Reporters called it the robot, but its physical presence was hardly felt.
It was almost invisible, just a Microsoft Excel macro that could write a fairly detailed stock-market report that could then be edited and polished by a human journalist.
But when Reuters introduced the robot to its newsroom in 2007 — just before the financial crisis — it was an early sign that manufacturing was not the only industry that automation was infiltrating.
White-collar workers in fields like journalism, finance, medicine, and law are seeing an increasing use of machines, but one much less damaging to workers’ job prospects.
Unlike in manufacturing, where machines can take over entire factory floors in a physical, almost menacing way, machine learning and artificial intelligence so far are playing fairly benign roles in the professional world.
Reuters and others automate key market headlines that follow a predictable pattern, including rating-agency releases. The software recognises the action and reports it accurately to market clients without human intervention (most of the time). The Associated Press also uses automation for corporate-earnings reports and for basic sports reporting.
Still, job losses in journalism attributed to automation have been minimal, often nonexistent. If anything, automation has allowed reporters to do more analysis and in-depth reporting and move away from the more mundane, repetitive-stress-injury-prone parts of the job.
Given the pace of automation and advancement in artificial and robotic intelligence is fast and unpredictable, it is impossible to know for sure just what sort broad impact it will have on white-collar employment. But interviews with several experts on the issue and a review of prevailing economic research suggest the effects, for now, are viewed as primarily positive.
“In general, any job that involves sitting in front of a computer manipulating information in some relatively routine, predictable way is going to be vulnerable to automation,” says Martin Ford, a software engineer focused on automation and the author of “Rise of the Robots: Technology and the Threat of a Jobless Future.”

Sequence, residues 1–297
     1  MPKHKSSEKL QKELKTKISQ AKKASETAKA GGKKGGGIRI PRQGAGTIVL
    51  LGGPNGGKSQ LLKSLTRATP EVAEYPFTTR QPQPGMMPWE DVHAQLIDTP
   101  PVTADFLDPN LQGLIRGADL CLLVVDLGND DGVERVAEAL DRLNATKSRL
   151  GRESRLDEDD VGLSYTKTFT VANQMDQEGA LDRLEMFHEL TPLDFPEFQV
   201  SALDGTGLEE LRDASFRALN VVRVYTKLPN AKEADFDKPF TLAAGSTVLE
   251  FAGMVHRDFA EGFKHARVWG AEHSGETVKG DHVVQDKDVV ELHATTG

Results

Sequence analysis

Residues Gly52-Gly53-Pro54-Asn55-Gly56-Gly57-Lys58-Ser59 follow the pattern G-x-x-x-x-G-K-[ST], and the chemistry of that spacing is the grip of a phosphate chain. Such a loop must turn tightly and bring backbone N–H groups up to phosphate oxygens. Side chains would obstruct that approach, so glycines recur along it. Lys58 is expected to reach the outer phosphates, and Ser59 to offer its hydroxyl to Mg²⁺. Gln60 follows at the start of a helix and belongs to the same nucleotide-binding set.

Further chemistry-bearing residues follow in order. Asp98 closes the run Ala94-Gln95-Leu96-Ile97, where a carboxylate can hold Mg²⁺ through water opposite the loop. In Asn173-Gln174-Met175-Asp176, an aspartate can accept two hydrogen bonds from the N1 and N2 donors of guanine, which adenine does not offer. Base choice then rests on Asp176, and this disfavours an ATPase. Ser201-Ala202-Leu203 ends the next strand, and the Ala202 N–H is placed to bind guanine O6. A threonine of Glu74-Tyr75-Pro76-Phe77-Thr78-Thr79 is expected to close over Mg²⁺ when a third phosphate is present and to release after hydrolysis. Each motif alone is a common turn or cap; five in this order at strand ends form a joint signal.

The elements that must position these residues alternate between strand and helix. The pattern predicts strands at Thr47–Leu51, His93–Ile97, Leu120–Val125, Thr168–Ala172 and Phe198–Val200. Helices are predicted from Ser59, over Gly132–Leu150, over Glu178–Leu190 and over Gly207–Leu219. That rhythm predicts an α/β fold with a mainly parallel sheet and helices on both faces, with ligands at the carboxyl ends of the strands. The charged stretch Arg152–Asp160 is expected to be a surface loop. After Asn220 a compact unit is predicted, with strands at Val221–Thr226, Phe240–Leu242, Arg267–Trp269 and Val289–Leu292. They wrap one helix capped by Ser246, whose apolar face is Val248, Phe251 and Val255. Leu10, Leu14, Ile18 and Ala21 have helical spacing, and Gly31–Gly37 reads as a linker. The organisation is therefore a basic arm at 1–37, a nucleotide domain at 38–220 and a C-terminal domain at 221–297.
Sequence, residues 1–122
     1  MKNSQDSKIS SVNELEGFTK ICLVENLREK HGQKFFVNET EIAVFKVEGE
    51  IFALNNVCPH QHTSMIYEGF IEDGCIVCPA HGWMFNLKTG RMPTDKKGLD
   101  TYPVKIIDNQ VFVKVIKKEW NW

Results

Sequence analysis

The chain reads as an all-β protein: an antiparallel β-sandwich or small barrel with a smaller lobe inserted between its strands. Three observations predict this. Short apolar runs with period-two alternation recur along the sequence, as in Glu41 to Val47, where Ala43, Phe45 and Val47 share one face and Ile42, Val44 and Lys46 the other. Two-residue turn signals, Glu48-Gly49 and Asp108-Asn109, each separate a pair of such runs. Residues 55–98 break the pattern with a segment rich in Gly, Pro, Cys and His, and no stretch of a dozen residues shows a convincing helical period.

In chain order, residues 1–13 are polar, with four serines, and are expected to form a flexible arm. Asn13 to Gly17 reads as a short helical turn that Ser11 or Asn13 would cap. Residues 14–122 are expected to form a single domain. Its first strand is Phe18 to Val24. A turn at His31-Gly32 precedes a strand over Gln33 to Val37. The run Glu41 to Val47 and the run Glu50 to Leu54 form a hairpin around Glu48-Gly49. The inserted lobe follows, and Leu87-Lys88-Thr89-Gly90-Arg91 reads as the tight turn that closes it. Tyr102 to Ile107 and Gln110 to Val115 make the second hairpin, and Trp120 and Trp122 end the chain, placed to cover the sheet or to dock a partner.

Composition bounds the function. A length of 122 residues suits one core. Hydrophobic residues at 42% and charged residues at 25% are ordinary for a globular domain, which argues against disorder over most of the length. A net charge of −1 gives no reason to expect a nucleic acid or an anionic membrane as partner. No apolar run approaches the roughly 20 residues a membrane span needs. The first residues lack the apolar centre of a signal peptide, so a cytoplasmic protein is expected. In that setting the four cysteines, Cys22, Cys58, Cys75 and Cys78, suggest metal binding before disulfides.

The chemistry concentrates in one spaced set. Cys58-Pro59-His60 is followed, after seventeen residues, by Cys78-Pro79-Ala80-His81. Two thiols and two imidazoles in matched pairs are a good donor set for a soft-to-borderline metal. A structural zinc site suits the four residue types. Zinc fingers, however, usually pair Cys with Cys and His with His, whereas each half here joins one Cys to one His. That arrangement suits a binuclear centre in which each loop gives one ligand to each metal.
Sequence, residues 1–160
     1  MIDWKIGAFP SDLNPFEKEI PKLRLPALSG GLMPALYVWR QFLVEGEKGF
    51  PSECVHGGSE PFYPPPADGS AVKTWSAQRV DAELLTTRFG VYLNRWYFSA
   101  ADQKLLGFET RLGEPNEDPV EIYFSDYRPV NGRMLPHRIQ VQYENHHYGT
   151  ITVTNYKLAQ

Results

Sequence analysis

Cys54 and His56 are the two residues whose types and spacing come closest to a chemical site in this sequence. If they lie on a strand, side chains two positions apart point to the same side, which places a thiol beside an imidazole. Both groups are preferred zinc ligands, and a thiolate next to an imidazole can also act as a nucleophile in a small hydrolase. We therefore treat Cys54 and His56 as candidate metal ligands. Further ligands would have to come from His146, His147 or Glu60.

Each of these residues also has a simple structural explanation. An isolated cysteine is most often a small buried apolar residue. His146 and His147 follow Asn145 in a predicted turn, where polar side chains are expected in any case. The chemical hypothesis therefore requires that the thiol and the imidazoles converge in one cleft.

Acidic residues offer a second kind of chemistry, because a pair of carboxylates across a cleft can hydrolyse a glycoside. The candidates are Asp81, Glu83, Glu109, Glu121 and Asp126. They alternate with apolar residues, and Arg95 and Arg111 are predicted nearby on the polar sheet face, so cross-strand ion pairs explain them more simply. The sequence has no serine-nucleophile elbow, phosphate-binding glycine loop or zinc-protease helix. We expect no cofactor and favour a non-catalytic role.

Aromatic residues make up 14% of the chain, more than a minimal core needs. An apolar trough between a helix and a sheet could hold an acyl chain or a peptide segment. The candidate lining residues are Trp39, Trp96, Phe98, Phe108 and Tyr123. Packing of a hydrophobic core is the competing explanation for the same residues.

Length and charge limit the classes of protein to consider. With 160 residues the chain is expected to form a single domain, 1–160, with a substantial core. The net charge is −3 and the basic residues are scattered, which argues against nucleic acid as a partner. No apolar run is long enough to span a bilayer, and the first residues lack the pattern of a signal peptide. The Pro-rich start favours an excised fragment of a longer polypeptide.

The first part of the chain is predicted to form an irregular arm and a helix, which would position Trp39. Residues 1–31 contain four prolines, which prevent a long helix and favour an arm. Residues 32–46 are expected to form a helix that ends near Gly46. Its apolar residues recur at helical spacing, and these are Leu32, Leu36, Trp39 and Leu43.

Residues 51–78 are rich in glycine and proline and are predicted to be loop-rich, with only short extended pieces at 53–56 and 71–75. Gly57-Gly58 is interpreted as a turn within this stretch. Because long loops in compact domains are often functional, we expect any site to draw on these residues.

As prime examples, Ford points to automatically generated news stories and basic contract analysis at law firms, as well as certain areas of auditing and accounting. Think of a basic tax-preparation software that someone can purchase online. In medicine, he says, “Machine learning systems have already outperformed human radiologists and pathologists at interpreting medical images in some cases.”
JP Morgan has announced it is now using software that can accomplish in seconds what it took legal aides 360,000 hours of work to do. A surge of algorithmic trading has also considerably reduced the amount of human input in financial-market activity. Japan’s Fukoku Life Insurance Co. recently turned to IBM technology to automate document processing.
Automation complements labour
And yet unlike for many blue-collar workers, the rise of automation in professional settings may not mean job losses.
David Autor, an economist at the MIT Sloan School of Business and a leading expert on the issue of jobs and automation, is fairly sanguine in his research. He points out in one of many papers that the rapid pace of recent technological growth has not wiped out a significant portion of jobs, but instead changed the labour market in myriad ways, many positive.
“Automation does indeed substitute for labour — as it is typically intended to do,” Autor writes. “However, automation also complements labour, raises output in ways that lead to higher demand for labour, and interacts with adjustments in labour supply.”
It’s true that the economic recovery that followed the great recession was the weakest in recent memory, which means it took several years for the country to recover the 9 million jobs lost during the downturn.
Still, the economic expansion has also been the longest in modern history and managed to create 15 million jobs since the depths of the slump. The US economy, which is dominated by the services industry, has consistently generated about 200,000 jobs a month in the past two years. The unemployment rate is near historic lows at 4.7%.